First of all: what is hummus? Well, it’s made with chickpeas, tahini (ground sesame seed paste), lemon, garlic, olive or sesame oil, salt, and cumin. And it can have a variety of textures and flavors added in. Now that we know that, let’s see how you can make it even better.
Tips for better hummus
1. Use the right kind of chickpeas
This is always rule number 1, for all of the cooking. So, if you have the means, then make sure you buy the right kind of chickpeas you need. Our recommendation? Use dry chickpeas, but make sure that they are sort of fresh. How do you do that? Well, get it from somewhere where there are a lot of people buying it. Don’t get it from an obscure store that nobody ever visits. Because stale old dried chickpeas do not great hummus make. If that’s not an option for you, then get organic canned chickpeas and those will do nicely.
Make sure that all of the other ingredients are as fresh as possible and then you can start! Get some pure sesame seed tahini while you’re at it!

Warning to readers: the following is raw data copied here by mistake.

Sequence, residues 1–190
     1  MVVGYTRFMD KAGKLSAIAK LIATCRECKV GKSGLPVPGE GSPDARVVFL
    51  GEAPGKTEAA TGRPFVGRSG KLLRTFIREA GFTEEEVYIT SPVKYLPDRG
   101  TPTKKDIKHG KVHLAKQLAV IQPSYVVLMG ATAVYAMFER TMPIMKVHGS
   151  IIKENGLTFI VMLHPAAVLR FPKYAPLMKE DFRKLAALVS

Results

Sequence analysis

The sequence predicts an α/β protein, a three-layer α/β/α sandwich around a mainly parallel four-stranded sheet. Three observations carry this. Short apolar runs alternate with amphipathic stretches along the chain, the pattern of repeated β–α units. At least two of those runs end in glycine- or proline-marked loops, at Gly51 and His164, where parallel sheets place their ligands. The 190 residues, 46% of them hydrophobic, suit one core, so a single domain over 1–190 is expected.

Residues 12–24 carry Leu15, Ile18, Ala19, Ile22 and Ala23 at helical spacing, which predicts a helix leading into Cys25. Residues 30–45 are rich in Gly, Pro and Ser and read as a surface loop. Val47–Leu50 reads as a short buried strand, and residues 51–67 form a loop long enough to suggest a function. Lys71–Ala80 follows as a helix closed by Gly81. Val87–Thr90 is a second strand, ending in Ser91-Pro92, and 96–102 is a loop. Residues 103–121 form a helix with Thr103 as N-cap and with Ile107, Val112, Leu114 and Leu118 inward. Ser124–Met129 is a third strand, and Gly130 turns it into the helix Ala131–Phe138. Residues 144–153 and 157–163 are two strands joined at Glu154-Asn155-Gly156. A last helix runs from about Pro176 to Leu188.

2. Do the right thing for the chickpeas
To get the better hummus sorted out, make sure you prep it correctly. So you’re using dried chickpeas, right? Well, when you soak them overnight, make sure you add a bit of baking soda to make them more tender. And when you cook them after that, don’t remove them from the pot while they still retain their shape. This is one of the rare situations where it’s best to boil them until they’re pretty mushy. And add a bit of baking soda to the boiling water, as well.
3. Watch out for texture
If I had a penny for every time I blabbed on about texture in my articles, I would probably be lounging on some island right now, with a fantasy novel in my hand. But this is always true: texture is an important part of the eating experience. So first blend your tahini until it’s super creamy, and then add the tender chickpeas to the mix and blend. That way, your spread will turn just the right amount of creamy and chunky. And don’t blend the oil into everything either. Add it on top.